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New Consigli poll tracks subs’ material and labor pricing risks

Most trades confident they can find workers to hire to meet demand.

October 09, 2020 |

HVAC and electrical subcontractors could be most vulnerable to COVID-19 related increases in materials and labor pricing, according to a Consigli poll. Image: Pixabay

The contractor Consigli Construction has released its latest breakdown of predictions about materials and labor pricing for 21 categories, based on the firm’s survey of more than 200 subcontractors working in the Northeast.

From that polling, Consigli considers HVAC and electrical trades to be at the greatest risk for price increases, based on their projected percentage of a project’s total cost. The firm elaborates that there is potential for price hikes in copper tubing and small-bore pipe, as well as lighting fixtures, copper and PVC, and distribution equipment.

Consigli breaks down pricing risks by 21 categories. Image: Consigli


The good news is that 56% of the subs polled said they were experiencing no major increases in lead times as a result of the coronavirus pandemic. That being said, “subcontractors are continuing to place focus on ordering materials as soon as possible to prevent schedule delays,” says Peter Capone, Consigli’s Director of Purchasing.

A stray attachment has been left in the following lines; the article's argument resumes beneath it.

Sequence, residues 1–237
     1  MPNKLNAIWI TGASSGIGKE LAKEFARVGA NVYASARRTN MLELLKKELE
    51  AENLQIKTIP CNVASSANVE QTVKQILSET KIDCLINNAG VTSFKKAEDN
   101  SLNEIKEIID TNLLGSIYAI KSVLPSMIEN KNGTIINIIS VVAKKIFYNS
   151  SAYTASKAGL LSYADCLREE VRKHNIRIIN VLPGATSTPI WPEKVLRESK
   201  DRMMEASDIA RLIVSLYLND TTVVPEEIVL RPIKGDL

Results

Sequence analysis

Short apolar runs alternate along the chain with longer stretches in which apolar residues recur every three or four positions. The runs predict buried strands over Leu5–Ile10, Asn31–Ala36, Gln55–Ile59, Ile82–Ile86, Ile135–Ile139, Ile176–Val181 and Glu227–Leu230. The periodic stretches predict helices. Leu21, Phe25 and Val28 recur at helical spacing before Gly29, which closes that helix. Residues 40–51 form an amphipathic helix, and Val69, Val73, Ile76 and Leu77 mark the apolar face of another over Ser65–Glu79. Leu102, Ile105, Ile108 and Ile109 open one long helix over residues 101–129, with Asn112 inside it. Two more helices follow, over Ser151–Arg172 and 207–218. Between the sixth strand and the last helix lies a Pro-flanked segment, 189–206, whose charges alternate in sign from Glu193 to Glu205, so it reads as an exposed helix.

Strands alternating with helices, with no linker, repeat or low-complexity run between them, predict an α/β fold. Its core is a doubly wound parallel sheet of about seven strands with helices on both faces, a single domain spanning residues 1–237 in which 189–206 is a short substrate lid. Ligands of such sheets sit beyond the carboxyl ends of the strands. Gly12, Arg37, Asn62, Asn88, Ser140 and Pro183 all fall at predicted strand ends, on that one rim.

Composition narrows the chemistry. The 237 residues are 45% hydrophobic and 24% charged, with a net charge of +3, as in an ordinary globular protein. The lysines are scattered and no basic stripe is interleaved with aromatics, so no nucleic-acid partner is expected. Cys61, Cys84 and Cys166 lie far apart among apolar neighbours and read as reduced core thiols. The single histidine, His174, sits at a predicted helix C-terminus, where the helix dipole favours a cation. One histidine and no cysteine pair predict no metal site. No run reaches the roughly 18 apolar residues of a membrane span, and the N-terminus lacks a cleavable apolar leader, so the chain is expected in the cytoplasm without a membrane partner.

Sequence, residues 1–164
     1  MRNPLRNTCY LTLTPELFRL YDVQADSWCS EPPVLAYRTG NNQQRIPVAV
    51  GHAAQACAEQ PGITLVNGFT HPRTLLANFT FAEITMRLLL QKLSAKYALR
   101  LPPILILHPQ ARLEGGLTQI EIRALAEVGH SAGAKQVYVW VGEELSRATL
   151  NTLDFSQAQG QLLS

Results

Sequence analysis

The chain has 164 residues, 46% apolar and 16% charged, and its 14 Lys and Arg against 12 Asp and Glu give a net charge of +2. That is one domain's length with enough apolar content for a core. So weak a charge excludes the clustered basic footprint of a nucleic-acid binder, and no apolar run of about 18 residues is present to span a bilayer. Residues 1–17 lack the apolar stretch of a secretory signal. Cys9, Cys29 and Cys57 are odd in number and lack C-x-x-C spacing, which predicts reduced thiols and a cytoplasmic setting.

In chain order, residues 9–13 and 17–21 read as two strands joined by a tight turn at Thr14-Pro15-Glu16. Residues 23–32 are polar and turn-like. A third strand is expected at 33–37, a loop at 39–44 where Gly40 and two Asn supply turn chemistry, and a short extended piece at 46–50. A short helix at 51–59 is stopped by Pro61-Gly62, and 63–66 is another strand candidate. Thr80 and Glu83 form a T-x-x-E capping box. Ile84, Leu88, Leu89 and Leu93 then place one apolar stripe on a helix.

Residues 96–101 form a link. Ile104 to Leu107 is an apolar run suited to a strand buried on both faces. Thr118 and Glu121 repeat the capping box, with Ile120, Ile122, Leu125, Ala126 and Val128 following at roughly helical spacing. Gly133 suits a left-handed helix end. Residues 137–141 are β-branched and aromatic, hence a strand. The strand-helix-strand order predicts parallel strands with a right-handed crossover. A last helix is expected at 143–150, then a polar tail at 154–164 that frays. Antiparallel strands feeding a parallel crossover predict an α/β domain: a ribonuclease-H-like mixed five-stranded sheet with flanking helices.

The firm singles out glass and aluminum, lumber, distribution and transportation issues, electrical lighting/PVC, and custom fabricated materials as “risks to watch for” in the future. Concerning lumber, which has been in short supply across North America, the report states that suppliers “should catch up” with demand by this winter and next Spring, when homebuilding shifts into a higher gear.



More than half of the subs polled weren't having lead time problems. Image: Consigli Construction


Consigli notes that, lately, it has experienced “better than normal” bid coverage and aggressive pricing in nearly every trade. Despite their healthy backlogs, subs are still looking to book work for next year and beyond. And most of the subs polled—93%—are confident they will be able to hire more workers to meet work demand.

“There is potential when the COVID-19 vaccine is developed, the construction market may start trending back toward pre-COVID-19 levels of activity,” which could add product and labor costs. “Therefore, now is the time to move forward with upcoming projects,” writes Capone.

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